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3 Great Stocks for Retiring Boomers
08/24/2011 8:30 am EST
There's a lot of talk starting about a double dip hitting the US economy but there are ways to hedge against it and still get some solid total returns say Richard Band of Profitable Investing.
I have concerns about 2012, when the demographic Gray Wave will begin swelling to tsunami proportions.
Retirees tend, on balance, to take money out of the stock market. But I think there's still time to make generous profits with safe, strong, entrenched franchises like these:
Berkshire Hathaway (BRK.B)
Last month, I gave you my estimate of Berkshire's intrinsic value, $110 per Class B share. Anytime you can buy Warren Buffett's expertise at a 30% discount, you should. However, I'm also intrigued by what might happen to Berkshire after Buffett (who turns 81 on August 30) is gone.
Quite possibly, new management would start paying a dividend or-even more radically-might break the company into two pieces, an operating conglomerate and a passive investment fund. Either or both of these moves could close the discount rather quickly.
Most bank stocks don't interest me right now, but JPM is a happy exception. Earnings for 2011 will likely set an all-time high, topping last year's figure by at least 20%.
Not too shabby for one of the marquee players in an industry many investors long ago gave up for dead!
JPM is also making a concerted effort to return cash to shareholders. In March, the bank raised its dividend fivefold, and announced a $15 billion stock-buyback program.
At a current yield of 2.5%, the shares already boast a fatter dividend than the typical large-cap stock-and I expect another sizable increase in late 2011 or early 2012. Assuming a modest P/E of just ten, the stock could deliver a 30% or greater total return within a year.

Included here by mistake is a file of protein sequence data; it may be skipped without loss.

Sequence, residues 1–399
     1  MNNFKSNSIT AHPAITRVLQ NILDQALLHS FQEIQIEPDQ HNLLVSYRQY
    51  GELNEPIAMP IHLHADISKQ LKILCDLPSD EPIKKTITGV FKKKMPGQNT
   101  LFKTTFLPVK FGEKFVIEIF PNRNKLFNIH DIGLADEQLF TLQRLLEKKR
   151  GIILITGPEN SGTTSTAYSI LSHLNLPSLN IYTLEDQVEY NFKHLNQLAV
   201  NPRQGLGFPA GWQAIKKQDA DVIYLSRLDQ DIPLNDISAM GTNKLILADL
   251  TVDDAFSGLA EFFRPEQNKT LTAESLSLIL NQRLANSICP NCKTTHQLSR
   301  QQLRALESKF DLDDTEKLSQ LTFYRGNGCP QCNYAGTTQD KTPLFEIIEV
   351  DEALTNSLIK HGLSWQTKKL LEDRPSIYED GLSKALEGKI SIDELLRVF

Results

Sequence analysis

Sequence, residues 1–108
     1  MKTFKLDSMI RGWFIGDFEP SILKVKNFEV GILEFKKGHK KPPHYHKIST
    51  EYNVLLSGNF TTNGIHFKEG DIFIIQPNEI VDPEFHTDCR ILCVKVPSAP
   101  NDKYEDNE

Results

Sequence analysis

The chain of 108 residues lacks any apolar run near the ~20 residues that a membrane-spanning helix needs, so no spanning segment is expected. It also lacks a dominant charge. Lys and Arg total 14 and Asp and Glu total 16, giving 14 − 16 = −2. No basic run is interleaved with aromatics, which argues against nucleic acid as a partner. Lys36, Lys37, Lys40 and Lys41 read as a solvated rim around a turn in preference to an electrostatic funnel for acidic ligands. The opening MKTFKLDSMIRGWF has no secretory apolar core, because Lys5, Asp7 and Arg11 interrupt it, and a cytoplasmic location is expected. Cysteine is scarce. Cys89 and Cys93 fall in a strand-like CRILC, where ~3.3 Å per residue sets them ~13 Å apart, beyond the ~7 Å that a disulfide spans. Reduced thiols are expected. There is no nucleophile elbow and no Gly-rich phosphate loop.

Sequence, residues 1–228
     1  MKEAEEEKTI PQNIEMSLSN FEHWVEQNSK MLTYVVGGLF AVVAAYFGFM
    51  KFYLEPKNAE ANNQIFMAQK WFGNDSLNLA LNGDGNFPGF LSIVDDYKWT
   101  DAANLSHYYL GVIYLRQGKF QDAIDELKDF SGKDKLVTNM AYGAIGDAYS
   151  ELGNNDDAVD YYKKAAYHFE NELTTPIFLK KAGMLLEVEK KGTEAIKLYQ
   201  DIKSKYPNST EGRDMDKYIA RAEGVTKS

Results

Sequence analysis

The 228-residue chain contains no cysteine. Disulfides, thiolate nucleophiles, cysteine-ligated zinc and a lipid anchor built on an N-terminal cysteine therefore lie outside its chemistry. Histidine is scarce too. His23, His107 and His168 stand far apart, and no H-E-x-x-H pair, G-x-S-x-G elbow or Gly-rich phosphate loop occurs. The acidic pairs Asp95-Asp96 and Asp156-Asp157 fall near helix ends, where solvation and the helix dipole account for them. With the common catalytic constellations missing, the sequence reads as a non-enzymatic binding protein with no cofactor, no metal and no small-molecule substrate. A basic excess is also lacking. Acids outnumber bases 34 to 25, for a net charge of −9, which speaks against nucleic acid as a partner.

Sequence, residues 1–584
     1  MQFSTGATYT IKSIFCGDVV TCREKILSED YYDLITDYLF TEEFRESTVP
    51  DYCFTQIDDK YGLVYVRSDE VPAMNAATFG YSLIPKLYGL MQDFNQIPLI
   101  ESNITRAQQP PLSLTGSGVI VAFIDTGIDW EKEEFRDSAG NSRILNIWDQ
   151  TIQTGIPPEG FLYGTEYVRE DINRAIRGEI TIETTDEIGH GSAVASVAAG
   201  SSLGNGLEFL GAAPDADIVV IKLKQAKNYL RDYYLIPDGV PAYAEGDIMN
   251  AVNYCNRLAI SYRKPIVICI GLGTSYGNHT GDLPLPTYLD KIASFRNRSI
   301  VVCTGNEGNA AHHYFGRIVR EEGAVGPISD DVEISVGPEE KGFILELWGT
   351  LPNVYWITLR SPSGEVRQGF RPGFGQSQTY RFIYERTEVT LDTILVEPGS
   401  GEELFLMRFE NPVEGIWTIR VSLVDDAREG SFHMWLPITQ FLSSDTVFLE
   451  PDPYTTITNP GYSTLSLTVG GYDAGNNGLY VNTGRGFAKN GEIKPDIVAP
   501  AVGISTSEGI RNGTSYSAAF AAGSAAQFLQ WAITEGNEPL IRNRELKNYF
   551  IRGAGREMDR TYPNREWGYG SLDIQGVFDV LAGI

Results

Next to gold, oil is one of the world's most reliable inflation hedges-a scarce tangible asset, and an essential raw material to boot.
If you believe, as I do, that all the funny money sloshing around will eventually trigger a surge in retail prices, you need to own some oil wells. And the best way to do it is with a dirt-cheap stock like TOT.
The world's fifth-largest oil company by market value, Paris-based Total is trading at less than seven times estimated 2011 earnings, versus an average multiple of 9.5 from 2003 to 2007. Thus, if the stock were merely to return to its former average valuation, you would pocket a gain of 35% or more.
In addition, TOT pays a dividend of nearly 6%, one of the richest yields among the oil majors. Starting in September, the company is switching to a quarterly (rather than semiannual) dividend schedule-an extra attraction for retirees and other income investors.
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